Peter called and said his favourite cow was unable to open its eyes, which were also shedding tears.
He explained that both eyes had long and wide streaks of wetness all the way down to the ramus of the mandibles. The ramus is the prominent projecting back part of the lower jaw bone.
He explained the problem had persisted for two weeks, having started as frequent blinking with some tears but progressed to complete closure of the eye. I told him the issue needed my visit and physical examination. He had wanted me to prescribe some eye medicine that he could apply and further argued that if I prescribed the medicine, he would apply it and call me if it did not work.
I explained to the farmer that it was already bad enough that he had waited for two weeks before reporting the illness. Second, it was not possible for me to ask him to tell me how the eyeballs looked because the lids were not opening.
There are many causes of the situation the cow was in. It could have been a bacterial infection that made the eyes sensitive to light and hence forced the animal to keep them tightly shut. It could also be that the animal had parasitic worms in the eyes that caused inflammation and swelling of the eyelids. Though foreign body injuries could also cause the same problem, it was an unlikely possibility because both eyes were affected.
I arrived on the farm and examined the animal. Outright, I could tell the cow was in great pain. It preferred to seclude itself in a dark corner of the shed with its head lowered. Definitely, the eyes were sensitive to sunlight even though they were tightly shut.
There were no flies in the cow pen, for which I congratulated the farmer. He had effectively controlled flies using a combination of cleanliness and hygiene as well as fly catchers.
Peter said he thought cows in cowsheds without flies were protected from eye infections. I told him since his animals sometimes grazed in the compound; they could still get some flies in the pastures. Further, dust and physical injuries are also causes of eye injury and infection. I would get to know the cause of the problem after thorough examination.
I noticed the eyelids were very swollen and inverted. The eye lashes were causing injuries to both eyes. Further, eyelashes trap dust which carries infectious agents. The dust would add to the types of bacteria infecting the eye.
Additional examination revealed the eyelids in both eyes had thickened because the infection had penetrated into the tissues. There were many channels that discharged whitish, greenish and yellowish pus when I pressed. The eyeballs were heavily infected. The cornea was thickened and destroyed. There was no chance of the poor cow ever seeing again.
I first cleaned the eyes with dilute iodine solution then expressed the pus in the swollen eyelids. Further, I gave the animal an anti-inflammatory and pain-killer injection. Finally, I gave a long-acting antibiotic injection and eye drops. Peter would administer the eye drops twice daily in both eyes for five days and report progress.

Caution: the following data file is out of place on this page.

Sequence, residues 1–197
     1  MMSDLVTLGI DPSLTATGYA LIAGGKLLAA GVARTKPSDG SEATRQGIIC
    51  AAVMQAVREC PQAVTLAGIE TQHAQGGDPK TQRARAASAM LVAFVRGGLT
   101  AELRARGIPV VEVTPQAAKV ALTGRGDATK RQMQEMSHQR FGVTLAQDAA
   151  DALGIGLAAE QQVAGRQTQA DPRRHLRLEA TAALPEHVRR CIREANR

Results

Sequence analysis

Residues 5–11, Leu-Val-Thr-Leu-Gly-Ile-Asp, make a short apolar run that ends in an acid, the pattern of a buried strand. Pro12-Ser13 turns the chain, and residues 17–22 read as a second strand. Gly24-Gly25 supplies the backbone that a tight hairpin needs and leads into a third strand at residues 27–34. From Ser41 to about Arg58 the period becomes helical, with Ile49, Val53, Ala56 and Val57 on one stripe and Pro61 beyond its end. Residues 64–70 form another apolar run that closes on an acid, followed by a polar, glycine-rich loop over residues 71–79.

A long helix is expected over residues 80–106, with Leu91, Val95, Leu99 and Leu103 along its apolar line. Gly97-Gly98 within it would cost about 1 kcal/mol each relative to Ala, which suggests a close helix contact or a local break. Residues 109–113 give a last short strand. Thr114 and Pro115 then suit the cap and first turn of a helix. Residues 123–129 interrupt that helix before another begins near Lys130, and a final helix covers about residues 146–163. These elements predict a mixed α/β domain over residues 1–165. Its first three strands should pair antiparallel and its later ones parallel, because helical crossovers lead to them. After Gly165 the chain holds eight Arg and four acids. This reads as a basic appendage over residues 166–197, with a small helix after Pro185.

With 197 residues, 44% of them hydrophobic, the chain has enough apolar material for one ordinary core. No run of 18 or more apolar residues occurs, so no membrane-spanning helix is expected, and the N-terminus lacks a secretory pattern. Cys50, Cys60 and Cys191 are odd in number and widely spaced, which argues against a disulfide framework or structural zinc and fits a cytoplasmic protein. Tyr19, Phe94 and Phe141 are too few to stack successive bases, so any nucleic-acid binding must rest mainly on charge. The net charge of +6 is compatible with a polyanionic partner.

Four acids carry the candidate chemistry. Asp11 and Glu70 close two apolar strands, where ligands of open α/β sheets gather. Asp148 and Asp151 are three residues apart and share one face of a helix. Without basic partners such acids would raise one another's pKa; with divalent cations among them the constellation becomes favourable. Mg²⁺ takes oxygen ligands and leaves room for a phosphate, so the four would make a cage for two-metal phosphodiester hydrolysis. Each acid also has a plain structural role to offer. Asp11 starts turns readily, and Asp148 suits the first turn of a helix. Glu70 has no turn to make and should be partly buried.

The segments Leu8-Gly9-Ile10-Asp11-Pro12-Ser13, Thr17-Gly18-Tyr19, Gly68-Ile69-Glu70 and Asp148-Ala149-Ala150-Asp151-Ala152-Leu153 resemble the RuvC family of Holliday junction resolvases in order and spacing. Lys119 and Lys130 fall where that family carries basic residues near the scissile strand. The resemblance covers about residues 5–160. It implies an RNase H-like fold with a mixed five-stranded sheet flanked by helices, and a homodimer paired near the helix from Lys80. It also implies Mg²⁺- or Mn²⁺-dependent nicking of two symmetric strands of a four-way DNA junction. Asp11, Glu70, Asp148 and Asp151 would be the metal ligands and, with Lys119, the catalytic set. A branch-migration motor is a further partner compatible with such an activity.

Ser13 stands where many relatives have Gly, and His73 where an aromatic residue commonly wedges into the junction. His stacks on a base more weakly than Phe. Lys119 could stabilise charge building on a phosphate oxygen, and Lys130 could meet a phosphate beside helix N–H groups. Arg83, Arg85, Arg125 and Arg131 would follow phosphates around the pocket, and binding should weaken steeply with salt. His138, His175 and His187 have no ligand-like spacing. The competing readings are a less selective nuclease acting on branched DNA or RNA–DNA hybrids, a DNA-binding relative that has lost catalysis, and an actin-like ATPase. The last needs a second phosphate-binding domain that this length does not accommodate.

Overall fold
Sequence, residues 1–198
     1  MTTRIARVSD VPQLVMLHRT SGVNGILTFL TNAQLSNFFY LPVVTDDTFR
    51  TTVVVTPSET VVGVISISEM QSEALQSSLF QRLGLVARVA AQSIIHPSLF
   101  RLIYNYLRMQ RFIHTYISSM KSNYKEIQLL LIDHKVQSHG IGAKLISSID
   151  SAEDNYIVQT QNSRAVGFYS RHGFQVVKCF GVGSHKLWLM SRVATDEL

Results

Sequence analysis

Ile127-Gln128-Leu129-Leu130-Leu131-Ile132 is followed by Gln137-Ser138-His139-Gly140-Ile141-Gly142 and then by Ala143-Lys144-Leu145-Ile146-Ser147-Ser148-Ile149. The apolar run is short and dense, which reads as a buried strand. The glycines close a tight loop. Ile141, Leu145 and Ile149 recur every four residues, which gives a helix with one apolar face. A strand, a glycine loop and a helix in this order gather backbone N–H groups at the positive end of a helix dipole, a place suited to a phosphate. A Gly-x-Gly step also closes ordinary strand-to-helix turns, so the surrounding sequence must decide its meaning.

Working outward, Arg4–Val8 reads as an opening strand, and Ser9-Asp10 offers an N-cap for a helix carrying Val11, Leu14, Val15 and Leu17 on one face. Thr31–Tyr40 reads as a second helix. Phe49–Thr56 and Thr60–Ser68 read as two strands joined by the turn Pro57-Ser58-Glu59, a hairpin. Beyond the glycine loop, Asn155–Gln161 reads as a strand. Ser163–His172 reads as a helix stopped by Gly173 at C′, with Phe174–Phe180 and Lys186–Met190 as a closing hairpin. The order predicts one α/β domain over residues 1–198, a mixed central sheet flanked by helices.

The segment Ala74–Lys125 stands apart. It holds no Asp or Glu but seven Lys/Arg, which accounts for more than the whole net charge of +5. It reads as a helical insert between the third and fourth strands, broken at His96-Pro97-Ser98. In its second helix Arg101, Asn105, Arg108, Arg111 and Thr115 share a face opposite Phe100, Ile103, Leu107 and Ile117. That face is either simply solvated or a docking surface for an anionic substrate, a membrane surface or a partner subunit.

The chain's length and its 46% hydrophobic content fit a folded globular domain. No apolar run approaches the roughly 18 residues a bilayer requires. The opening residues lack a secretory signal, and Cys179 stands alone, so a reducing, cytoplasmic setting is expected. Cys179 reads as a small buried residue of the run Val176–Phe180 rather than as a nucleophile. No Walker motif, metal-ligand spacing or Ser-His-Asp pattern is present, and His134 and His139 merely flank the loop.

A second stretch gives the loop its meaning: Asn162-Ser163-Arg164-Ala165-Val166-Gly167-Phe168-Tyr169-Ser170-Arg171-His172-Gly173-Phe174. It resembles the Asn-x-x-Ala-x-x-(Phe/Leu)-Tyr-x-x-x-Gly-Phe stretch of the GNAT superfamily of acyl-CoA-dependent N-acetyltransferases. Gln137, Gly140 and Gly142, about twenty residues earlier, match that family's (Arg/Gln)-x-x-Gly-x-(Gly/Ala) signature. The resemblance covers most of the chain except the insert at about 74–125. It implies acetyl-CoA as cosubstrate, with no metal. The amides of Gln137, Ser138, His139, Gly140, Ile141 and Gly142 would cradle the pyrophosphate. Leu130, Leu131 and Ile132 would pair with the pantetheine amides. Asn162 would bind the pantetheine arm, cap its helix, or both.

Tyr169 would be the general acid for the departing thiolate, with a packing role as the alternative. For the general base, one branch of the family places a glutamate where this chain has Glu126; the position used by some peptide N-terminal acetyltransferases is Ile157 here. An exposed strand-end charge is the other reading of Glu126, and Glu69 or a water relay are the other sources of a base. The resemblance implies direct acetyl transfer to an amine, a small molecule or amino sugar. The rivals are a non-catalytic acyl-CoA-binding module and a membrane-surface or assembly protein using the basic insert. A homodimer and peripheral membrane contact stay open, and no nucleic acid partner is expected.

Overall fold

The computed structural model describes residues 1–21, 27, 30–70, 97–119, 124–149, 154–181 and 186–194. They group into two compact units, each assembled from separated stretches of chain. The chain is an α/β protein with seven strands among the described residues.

I explained to Peter that it was cruel and poor animal welfare to keep an animal untreated until it lost eyesight. First, there is the pain that the animal suffers followed by permanent disability. It is important that we remember humans domesticated animals from the wild and the move denied them their self-coping mechanisms. We must always know that it is our responsibility to ensure good animal welfare at all times for animals under our care.
At the point I found the cow, it was impossible for me to determine which bacteria could have caused the infection. But from the history of tearing, sensitivity to light and reddening of the eye, I suspected it was a case of pink eye disease complicated with opportunistic bacterial infection.
The most common cause of pink eye disease in cattle is a bacterial species called Moraxella bovis. Infected animals start with tearing, then progresses to light sensitivity and finally reddening of the eye and pus discharge. Some animals may recover without treatment but most require treatment. In some cases, the infection progresses to the brain through the optic nerve and the animal dies due to brain damage.
If left untreated, pink eye disease may be complicated by infection from other bacteria that find it easy to infect the eye due to its weakening by the initial disease. The appearance of different colours of pus in Peter’s cow indicated there were at least three different types of bacteria causing the infection.
The cow was responding well to treatment by the time of writing this article but would require repeat treatment. It is good for farmers to note that delayed treatment often results in loss of organ function, increased cost of treatment, reduced production or even death of the animal.